“Gasoline finally came to life and posted its first strong report of the summer driving season,” remarked Bob Yawger, director of energy futures at Mizuho in New York, highlighting the surprising uptick in gasoline demand.

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Nembe Creek Oil Field Halted After Leak, Impacting 150,000 bpd

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Nigeria’s oil output has taken a significant hit following the shutdown of the Nembe Creek oil field due to a major oil leak.

The Nembe Creek oil field, responsible for producing approximately 150,000 barrels of crude oil per day (bpd), was forced to cease operations on June 17, 2024.

The leak occurred on the Nembe Creek Trunk Line (NCTL), a critical pipeline that transports oil from the Nembe Creek oil field to the Bonny Oil Export Terminal.

The operator of the pipeline, Aiteo Eastern Exploration and Production Company, confirmed the leak and the subsequent shutdown in a statement released yesterday.

Aiteo reported that the leak was discovered during routine operations in the Nembe area of Bayelsa State, located in Nigeria’s oil-rich Delta region.

This region is notorious for environmental degradation due to decades of oil spills, which have severely impacted local agriculture and fishing industries.

Following the discovery of the leak, Aiteo activated its Oil Spill and Emergency Response Team and shut down all production from Oil Mining Lease (OML) 29 as a precautionary measure to prevent further environmental damage.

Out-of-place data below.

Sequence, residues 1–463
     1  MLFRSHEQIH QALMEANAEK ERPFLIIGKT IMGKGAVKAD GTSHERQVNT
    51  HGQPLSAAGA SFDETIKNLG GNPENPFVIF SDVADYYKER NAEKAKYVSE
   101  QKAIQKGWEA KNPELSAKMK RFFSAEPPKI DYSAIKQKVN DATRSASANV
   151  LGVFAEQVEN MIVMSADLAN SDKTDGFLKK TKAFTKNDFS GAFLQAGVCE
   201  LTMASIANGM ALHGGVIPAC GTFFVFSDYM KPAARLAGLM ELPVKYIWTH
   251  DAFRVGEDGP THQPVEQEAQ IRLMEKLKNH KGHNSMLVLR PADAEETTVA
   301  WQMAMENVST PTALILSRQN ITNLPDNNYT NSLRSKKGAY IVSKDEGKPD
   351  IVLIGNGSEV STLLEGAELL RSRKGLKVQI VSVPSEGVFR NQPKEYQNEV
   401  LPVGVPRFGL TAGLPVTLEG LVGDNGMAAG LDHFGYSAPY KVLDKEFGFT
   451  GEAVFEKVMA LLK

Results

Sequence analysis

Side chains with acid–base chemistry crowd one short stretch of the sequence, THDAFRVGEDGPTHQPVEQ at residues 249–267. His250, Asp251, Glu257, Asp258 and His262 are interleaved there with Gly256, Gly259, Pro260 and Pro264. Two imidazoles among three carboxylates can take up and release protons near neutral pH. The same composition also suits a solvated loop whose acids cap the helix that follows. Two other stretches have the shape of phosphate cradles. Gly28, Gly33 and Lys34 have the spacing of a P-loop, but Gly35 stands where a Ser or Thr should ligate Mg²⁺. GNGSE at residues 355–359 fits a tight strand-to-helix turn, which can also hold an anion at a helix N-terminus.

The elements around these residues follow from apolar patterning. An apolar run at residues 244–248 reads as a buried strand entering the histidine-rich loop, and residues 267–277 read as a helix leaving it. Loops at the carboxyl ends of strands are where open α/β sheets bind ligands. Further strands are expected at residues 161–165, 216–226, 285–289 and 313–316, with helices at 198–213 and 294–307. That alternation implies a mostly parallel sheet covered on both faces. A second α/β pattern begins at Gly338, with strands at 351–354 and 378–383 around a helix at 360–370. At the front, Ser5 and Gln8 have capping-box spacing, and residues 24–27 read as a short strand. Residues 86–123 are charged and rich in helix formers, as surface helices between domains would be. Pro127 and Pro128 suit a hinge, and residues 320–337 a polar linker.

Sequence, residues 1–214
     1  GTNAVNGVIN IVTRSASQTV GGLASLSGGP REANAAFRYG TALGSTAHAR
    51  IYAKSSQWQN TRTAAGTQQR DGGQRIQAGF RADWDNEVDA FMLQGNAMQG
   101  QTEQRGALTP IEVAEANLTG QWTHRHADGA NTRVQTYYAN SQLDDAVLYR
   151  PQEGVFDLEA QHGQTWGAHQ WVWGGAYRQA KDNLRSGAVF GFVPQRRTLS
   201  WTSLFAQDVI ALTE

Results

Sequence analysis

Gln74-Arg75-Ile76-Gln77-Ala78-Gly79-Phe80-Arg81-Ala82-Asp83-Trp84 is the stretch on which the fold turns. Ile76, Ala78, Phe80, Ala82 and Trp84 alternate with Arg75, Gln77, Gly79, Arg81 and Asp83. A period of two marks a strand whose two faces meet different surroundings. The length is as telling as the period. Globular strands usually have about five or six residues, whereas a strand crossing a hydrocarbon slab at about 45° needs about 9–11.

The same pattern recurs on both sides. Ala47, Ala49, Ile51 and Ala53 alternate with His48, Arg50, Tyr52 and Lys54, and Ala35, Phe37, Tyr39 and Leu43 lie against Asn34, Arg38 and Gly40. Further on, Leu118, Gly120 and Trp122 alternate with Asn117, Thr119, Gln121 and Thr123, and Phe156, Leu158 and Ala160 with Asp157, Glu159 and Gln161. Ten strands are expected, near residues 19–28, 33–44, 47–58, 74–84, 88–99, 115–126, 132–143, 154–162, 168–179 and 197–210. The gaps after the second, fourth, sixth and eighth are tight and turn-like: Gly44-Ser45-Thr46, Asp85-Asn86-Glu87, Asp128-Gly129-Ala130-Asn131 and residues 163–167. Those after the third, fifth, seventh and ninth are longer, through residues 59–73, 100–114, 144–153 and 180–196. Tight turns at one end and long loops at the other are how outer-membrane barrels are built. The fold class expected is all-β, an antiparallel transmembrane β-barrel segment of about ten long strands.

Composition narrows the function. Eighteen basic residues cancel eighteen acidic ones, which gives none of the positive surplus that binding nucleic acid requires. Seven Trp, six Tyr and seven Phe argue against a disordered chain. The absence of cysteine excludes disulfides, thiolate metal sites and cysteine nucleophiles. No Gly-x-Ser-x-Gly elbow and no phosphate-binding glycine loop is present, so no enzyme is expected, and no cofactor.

“While we regret the production losses and the potential environmental impact, our current priority is to expedite an efficient spill management process in line with regulatory standards and collaborate with all stakeholders to restore production and mitigate associated risks,” said Victor Okronkwo, Managing Director of Aiteo Eastern E&P.

The exact cause of the leak remains unknown. Aiteo emphasized that the shutdown was a precautionary step to contain the spill and minimize environmental harm.

The company has notified its joint venture partners and relevant regulatory bodies, including the Nigerian Upstream Petroleum Regulatory Commission (NUPRC) and the National Oil Spill Detection and Response Agency (NOSDRA), about the incident.

This development comes as a setback for Nigeria, which holds Africa’s largest natural gas reserves and is a major oil producer.

The country’s oil sector has faced numerous challenges, including aging infrastructure, theft, and environmental issues, which have hindered its ability to maximize production and exports.

The Nembe Creek shutdown also highlights ongoing concerns about the safety and reliability of Nigeria’s oil infrastructure. The NCTL has been a frequent target of oil theft and sabotage, exacerbating the challenges of maintaining a steady oil output.

Energy analysts believe that the latest incident could impact Nigeria’s ability to meet its export commitments and exacerbate the country’s economic challenges.

The Nigerian government, under President Bola Tinubu, has been making efforts to attract investment into the energy sector to boost production and address infrastructure deficits.

“The government will hope this offers confidence not only in the quality of the Nigerian resource base, but also in the government’s pledge to improve ease of doing business,” said Clementine Wallop, director of sub-Saharan Africa at political risk consultancy Horizon Engage.